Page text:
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Article 3 – What is Jiu-Jitsu?

By synergymma | In News | on March 1, 2007

What is Jiu-Jitsu?

“Brazilian Jiu-Jitsu (BJJ) is a martial art and combat sport that focuses on grappling and especially ground fighting with the goal of gaining a dominant position from which to force an attacker to submit. The system developed from a modified version of pre-World War II Judo including some techniques from Japanese Jujutsu and with a focus on ne-waza (ground technique). It promotes the principle that a smaller, weaker person using leverage and proper technique can successfully defend themselves against a bigger, stronger assailant. BJJ can be trained for self defense, sport grappling tournaments (gi and no-gi) and mixed martial arts (MMA) competition. Sparring and live drilling play a major role in training, and a premium is placed on performance, especially in competition.” (http://en.wikipedia.org/wiki/Gracie_Jiu_Jitsu)

More often an introduction to Jiu Jitsu comes via the techniques of Jiu Jitsu, and the essence of Jiu Jitsu is left unsaid and unknown by initiates for quite some time and often they are left to discover things on their own. The process of discovery of the context of what Jiu Jitsu is, as opposed to merely the learning of techniques of Jiu Jitsu, is the true path to enlightenment.

A game of “Human Chess”

For my favorite explanation of Jiu Jitsu, I have to give credit to my friend Henry Akins, a black belt under Rickson Gracie (so I’m unsure if this is his words or Rickson’s, but I think I’m covering my bases as far as credit goes): Jiu Jitsu is akin to a physical game of chess, in the sense both opponents begin with the same amount of options. During the course of the match, opponents will progress by taking away options from their opponent until there are no options left (aka a checkmate).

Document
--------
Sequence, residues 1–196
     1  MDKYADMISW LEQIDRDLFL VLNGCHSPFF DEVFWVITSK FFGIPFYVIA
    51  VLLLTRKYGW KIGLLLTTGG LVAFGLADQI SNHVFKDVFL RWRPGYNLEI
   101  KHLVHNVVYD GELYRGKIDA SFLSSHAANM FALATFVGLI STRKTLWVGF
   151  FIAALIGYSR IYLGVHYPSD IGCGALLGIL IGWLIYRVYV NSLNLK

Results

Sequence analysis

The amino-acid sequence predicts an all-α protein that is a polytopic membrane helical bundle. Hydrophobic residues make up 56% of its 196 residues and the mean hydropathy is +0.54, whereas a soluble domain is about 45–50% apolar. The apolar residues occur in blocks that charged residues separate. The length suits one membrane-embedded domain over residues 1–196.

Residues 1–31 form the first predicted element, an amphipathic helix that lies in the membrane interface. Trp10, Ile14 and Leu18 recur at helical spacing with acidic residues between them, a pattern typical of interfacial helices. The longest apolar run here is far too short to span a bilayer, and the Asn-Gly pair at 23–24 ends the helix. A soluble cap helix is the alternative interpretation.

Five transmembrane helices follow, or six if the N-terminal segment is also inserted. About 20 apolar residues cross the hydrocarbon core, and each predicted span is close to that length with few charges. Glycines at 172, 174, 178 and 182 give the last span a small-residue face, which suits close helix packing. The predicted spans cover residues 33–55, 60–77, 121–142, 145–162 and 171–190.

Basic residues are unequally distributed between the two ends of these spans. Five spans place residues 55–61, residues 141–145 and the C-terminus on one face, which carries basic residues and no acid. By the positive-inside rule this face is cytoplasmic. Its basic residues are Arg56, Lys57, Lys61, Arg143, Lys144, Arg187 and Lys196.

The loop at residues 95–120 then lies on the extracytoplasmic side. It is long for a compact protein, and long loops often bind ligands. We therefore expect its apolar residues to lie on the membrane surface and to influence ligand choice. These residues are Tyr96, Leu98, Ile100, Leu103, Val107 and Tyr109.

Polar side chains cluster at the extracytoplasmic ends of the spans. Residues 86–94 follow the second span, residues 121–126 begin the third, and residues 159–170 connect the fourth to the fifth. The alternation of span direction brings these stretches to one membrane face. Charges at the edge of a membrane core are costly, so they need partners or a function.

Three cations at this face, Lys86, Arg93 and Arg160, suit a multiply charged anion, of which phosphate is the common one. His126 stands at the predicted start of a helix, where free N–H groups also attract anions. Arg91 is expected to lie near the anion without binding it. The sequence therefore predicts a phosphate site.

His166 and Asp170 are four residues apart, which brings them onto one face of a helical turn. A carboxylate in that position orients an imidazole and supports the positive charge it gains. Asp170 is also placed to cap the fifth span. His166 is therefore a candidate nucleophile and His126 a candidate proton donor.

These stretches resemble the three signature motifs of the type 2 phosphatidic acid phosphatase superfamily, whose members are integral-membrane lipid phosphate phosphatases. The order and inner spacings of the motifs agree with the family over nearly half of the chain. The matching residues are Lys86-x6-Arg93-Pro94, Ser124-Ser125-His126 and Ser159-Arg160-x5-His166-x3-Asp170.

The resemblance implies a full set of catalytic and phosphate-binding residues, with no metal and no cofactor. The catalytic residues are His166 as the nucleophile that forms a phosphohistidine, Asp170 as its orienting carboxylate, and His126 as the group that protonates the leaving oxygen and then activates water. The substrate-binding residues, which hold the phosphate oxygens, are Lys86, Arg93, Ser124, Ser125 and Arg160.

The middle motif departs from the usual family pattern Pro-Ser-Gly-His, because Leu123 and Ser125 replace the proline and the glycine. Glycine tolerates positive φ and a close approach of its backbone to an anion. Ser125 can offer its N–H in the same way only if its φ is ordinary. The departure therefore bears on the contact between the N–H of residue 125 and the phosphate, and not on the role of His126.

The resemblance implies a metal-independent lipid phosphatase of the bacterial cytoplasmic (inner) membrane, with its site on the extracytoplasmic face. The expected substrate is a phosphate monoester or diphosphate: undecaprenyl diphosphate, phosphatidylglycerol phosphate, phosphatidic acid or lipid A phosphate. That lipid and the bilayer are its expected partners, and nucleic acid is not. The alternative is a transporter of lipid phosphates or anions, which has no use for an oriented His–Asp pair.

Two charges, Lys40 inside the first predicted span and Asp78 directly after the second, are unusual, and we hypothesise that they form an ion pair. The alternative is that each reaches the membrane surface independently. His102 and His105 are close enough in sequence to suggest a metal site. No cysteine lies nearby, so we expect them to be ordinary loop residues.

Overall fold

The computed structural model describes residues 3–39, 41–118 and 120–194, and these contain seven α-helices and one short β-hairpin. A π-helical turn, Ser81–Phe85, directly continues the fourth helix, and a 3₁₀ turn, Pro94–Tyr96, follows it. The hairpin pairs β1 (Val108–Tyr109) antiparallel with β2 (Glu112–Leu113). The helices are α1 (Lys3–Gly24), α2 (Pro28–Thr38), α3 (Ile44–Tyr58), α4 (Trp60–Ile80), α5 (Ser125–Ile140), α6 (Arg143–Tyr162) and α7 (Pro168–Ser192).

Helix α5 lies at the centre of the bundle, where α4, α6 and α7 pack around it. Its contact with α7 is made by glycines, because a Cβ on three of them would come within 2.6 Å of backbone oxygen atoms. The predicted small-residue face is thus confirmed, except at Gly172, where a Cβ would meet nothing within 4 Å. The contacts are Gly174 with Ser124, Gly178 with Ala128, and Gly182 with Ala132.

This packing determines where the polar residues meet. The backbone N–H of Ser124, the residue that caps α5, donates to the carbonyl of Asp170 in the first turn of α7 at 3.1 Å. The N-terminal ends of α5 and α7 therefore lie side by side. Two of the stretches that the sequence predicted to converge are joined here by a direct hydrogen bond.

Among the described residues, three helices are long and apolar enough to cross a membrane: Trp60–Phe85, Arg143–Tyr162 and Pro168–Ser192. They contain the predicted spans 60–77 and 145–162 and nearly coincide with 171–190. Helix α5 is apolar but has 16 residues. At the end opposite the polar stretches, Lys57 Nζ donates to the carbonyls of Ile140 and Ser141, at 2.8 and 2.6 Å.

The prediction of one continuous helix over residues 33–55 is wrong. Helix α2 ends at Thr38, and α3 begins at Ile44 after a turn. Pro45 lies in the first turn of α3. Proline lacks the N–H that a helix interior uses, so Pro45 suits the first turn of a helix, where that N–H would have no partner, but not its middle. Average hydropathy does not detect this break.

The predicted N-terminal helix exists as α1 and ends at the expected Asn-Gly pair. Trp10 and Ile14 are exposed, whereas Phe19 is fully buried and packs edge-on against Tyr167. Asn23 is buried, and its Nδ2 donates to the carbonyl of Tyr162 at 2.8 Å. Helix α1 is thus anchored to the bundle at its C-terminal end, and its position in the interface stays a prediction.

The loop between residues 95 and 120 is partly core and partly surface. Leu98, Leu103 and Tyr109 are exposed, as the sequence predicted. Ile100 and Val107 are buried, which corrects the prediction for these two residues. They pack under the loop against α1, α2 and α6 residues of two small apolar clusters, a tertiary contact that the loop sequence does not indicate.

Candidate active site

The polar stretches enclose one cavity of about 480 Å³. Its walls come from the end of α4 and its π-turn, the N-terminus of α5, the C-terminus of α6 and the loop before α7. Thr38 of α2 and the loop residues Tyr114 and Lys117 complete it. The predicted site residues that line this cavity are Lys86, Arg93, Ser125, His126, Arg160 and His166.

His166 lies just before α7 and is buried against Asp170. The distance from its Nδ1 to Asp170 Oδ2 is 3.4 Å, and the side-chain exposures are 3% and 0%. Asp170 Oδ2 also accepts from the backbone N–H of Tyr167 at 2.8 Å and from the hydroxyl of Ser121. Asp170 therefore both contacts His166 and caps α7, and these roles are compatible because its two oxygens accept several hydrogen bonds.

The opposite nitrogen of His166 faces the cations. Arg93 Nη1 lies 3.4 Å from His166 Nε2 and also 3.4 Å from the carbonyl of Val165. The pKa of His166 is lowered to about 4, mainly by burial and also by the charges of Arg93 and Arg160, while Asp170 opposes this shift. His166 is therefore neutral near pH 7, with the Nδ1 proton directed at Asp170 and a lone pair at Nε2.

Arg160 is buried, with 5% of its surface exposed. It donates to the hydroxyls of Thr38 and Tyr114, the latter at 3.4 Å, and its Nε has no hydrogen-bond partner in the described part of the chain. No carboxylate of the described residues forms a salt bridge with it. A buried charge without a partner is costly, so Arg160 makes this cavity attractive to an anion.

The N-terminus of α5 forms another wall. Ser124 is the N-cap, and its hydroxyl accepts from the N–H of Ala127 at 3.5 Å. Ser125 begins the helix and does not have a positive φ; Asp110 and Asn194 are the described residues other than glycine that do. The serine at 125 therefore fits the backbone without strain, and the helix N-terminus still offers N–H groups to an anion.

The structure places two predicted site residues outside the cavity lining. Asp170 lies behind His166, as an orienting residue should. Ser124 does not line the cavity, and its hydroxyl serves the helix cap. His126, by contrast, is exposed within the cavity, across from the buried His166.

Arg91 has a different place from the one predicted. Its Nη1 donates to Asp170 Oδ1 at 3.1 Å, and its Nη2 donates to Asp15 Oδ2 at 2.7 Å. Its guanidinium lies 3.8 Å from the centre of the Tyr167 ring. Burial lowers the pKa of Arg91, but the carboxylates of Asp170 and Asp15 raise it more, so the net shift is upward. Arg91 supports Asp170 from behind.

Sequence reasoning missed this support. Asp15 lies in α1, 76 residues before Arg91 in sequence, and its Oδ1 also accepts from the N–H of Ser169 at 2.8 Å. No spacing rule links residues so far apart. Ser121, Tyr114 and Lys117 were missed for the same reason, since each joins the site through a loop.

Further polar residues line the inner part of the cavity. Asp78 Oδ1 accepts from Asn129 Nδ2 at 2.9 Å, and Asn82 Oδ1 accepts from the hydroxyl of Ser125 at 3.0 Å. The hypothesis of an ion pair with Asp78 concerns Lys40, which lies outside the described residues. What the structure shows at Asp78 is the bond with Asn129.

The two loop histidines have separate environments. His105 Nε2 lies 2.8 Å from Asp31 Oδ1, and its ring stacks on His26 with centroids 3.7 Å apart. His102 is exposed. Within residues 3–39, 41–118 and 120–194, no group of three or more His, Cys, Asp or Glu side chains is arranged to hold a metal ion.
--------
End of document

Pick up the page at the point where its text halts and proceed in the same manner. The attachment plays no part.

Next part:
On one hand the description is vague enough that while we can certainly apply it equally well to chess and Jiu Jitsu; there isn’t a lot in the metaphor to distinguish the two. There are of course many differences. Having followed chess to some degree there are many players who will tell you that chess is as much a physical game as a mental game. I’m not going to comment too much on that statement, I will say that I believe that Jiu Jitsu is much a mental game as it is a physical game. As a matter of fact, I think there are few if any activities that actively present a challenge mentally AND physically that Jiu Jitsu does. Both have to be in sync in order to succeed.

Now, I like this description because it is very demonstrative of a proper mindset for Jiu Jitsu and in a way describes any encounter. We start off with the same positions and same tools. What that situation is isn’t defined yet, for purposes of Jiu Jitsu it could be free sparring, it could be a competition, or a MMA fight, or it might even be a street fight. Immediately I’m going to assesses the situation and gain as many advantages as possible. I am then going to press those advantages until I get the final outcome I want, that is the end of the encounter with myself as the victor.

The Jiu-Jitsu Mindset

As an encounter develops, a combatant versed in a Jiu Jitsu context will keep the following things in mind in sequential order.

  1. Safety
  2. Position
  3. Submission

Safety- By safety I mean the ability to keep yourself from being finished in the fight. The importance of safety is constantly emphasized by no less an authority than one of the founders of Jiu Jitsu, Helio Gracie who often states something to the effect that as long as you haven’t lost the fight, you still have a chance to win.

Position- Jiu Jitsu emphasizes the importance of position during the match and the ability to gain and improve upon the superior positions. By superior position in a Jiu Jitsu context, what we’re really saying is a position that emphasizes our safety and sets up the submission. The position emphasis is among the most basic and important concepts in Jiu Jitsu, and really is the differentiation between Jiu Jitsu and other grappling arts.

Submission- Having ensured our own safety through the advancement of superior position, we can now concentrate on getting the submission. By submission, I am talking about the “checkmate”, and technique that will cause your opponents to surrender. This can be as elegant as a joint lock or a strange hold or it might be as brutal as a knock out (although most in Jiu Jitsu would tend to prefer the former in most situations.